I recently made an important discovery: it is super easy to turn a bread loaf recipe into a roll recipe. I volunteered to bring rolls to a friend's house for dinner, forgot to buy them, and not wanting to run to the store just for rolls, decided I'd just go ahead and try making some from my favorite recipe for white bread (which I'll post next week). They were super easy and a huge success. We had to ration them out to the hungry
Loaf to RollsGenerally speaking, to make rolls instead of a loaf of bread, divide the portion of dough for a single loaf into two, roll each half into a long strip (18" or so), and then divide into rolls. I usually divide strips into 10 to 12 rolls, so one loaf is equivalent to 20 to 24 rolls. I use a bench scraper to divide my dough, and if you bake and divide dough often it's definitely worth getting one, but you could also use a knife. Bake at same temperature (350 usually for bread) for 15 to 20 minutes, or about half the baking time for a loaf. But you could also make fewer and larger rolls, for example you could make 8 or 10 large buns that you could slice in half and use for burgers, but then you'll need to increase the baking time a bit.
Honey Whole Wheat Rolls (double recipe)Makes 40 to 48 small dinner rolls
2 ¼ - 2 ½ cups whey or milk, lukewarm
2 T active dry yeast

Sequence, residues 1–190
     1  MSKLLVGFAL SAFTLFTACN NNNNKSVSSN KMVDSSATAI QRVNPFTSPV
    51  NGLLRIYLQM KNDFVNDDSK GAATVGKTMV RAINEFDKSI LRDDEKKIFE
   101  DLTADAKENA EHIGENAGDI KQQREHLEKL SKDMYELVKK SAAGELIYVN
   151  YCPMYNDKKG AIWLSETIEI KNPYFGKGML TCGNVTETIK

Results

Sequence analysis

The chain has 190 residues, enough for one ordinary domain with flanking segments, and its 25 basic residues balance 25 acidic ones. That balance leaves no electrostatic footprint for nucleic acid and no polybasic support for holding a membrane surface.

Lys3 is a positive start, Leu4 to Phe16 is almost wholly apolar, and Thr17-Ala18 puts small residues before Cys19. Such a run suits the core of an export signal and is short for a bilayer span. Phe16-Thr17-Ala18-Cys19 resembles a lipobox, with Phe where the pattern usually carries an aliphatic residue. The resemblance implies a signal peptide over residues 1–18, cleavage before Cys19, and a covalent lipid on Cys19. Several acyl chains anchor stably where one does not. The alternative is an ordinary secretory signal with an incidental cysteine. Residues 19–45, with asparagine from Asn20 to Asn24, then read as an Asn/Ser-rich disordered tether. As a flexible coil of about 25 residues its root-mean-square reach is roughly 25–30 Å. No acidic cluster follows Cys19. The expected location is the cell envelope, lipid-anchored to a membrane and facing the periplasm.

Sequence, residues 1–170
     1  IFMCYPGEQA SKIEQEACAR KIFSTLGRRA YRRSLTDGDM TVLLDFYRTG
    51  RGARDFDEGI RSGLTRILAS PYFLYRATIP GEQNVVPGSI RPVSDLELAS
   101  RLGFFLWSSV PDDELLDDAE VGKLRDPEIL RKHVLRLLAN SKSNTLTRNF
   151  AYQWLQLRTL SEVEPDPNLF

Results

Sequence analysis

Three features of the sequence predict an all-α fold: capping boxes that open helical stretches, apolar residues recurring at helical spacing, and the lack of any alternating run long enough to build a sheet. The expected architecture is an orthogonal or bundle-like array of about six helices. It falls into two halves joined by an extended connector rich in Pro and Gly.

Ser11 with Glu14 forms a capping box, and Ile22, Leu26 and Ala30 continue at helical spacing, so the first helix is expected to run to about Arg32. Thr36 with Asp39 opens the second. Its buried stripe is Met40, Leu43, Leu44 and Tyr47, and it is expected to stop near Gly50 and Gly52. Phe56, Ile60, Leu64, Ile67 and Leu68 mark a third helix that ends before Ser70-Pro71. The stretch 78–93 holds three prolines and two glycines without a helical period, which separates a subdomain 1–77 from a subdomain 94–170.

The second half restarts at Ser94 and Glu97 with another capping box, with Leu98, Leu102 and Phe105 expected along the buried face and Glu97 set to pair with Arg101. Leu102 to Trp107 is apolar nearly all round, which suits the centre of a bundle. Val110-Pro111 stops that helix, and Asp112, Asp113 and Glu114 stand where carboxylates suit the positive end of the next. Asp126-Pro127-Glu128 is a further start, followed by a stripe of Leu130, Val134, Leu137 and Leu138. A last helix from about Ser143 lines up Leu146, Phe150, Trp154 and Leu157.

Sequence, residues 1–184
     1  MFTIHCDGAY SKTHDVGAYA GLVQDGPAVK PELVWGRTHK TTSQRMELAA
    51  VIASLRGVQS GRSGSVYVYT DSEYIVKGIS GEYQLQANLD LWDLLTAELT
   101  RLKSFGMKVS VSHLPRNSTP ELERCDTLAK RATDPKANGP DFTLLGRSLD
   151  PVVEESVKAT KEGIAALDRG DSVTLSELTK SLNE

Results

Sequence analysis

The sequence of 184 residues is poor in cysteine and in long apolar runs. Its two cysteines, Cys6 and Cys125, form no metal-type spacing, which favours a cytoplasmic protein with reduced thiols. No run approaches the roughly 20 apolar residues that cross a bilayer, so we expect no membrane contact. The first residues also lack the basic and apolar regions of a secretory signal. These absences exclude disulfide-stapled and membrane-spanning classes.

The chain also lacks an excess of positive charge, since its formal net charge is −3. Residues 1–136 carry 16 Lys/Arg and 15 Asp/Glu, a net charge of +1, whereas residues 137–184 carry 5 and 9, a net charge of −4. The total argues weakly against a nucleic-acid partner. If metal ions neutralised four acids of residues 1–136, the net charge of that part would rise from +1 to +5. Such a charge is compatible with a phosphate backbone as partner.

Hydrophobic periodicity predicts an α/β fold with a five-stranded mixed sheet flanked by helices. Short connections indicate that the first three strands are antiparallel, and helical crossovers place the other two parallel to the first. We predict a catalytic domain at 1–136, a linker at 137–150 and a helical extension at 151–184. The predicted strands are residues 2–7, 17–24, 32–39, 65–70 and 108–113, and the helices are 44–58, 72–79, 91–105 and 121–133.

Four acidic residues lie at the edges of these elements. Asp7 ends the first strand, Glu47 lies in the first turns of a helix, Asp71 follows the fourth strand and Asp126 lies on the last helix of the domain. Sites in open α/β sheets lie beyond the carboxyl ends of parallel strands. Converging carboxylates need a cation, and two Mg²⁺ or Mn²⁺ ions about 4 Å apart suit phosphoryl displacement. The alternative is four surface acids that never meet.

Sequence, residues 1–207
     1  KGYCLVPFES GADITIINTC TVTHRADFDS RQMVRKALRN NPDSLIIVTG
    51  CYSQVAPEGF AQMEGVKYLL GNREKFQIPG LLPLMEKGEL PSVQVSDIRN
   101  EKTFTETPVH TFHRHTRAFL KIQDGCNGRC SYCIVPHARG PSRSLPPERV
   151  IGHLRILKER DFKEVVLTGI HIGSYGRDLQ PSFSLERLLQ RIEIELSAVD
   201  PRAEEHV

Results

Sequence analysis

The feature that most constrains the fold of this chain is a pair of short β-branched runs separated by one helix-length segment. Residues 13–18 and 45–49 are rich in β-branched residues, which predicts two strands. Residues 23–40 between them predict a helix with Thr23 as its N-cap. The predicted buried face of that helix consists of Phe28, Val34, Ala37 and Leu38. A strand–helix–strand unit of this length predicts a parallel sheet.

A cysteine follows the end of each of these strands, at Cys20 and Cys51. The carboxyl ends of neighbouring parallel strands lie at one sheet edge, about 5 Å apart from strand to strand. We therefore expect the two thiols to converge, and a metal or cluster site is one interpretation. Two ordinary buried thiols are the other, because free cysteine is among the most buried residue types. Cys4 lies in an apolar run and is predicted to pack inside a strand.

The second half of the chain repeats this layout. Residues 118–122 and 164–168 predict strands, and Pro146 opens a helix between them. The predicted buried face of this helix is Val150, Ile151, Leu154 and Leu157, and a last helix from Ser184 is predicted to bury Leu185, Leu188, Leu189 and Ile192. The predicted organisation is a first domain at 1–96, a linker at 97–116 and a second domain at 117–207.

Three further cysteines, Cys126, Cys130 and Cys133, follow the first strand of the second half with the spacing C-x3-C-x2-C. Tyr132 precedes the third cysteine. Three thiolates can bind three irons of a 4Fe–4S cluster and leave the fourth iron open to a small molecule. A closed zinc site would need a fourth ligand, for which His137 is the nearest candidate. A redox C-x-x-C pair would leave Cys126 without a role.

1/2 cup oil
1/2 cup honey, maple syrup, or molasses (use 2/3 to 3/4 cup if you want noticeably sweet bread)
1 T table salt
0 to 6 T vital wheat gluten (I most often use no gluten or 1 T gluten)
6 to 7 cups whole wheat flour (2+ pounds)
|Dough forming ball in the mixer.|
- In a standing mixer, mix milk, yeast, oil, honey, salt, gluten and about 6 cups whole wheat flour until well combined. Add as much flour as you can without the motor straining and the mixer knocking. Continue kneading on level “2” (on Kitchenaid standing mixer) for 6 to 8 minutes. You may want to stop mixer occasionally to scrape down the sides.
- Let sit 1 minute. Then add 1/2 to 1 more cups whole wheat flour (about 1/4 cup at a time) until the dough pulls away from sides of the bowl and forms a ball, but still sticks to the bottom of the ball some (see photo above).
- Cover dough (I use a plate) and let rise until double in size. In the summer in my non-air-conditioned home, this takes less than one hour. You can accelerate rise time (in the winter if you are in a hurry), by putting the dough inside a barely warm oven (turned off). I find I get a nicer rise from a longer rising time, however.
- Grease or line (I often use a Silpat) two baking sheets. Knead very briefly to press out air bubbles and divide in four. Roll out each portion into a 12 to 18" long strip, then divide each strip into 10 to 12 rolls using a bench scraper. Space rolls evenly on sheets. Cover with lightweight towel and allow to rise 1-2 more hours, until about double. You can use the oven (as in step 3) to accelerate rising once again, but I prefer not to.
- Heat oven to 350. Bake rolls 15-20 minutes, until lightly browned on top and bottom.
- Allow rolls to cool on rack, or enjoy immediately as soon as they are no longer piping hot!
Bake and Freeze Whole Wheat Rolls in Bulk
Or Freeze the Dough and Enjoy Freshly Baked Rolls Later
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How to Make a Beautifully Risen Loaf of 100% Whole Wheat Bread
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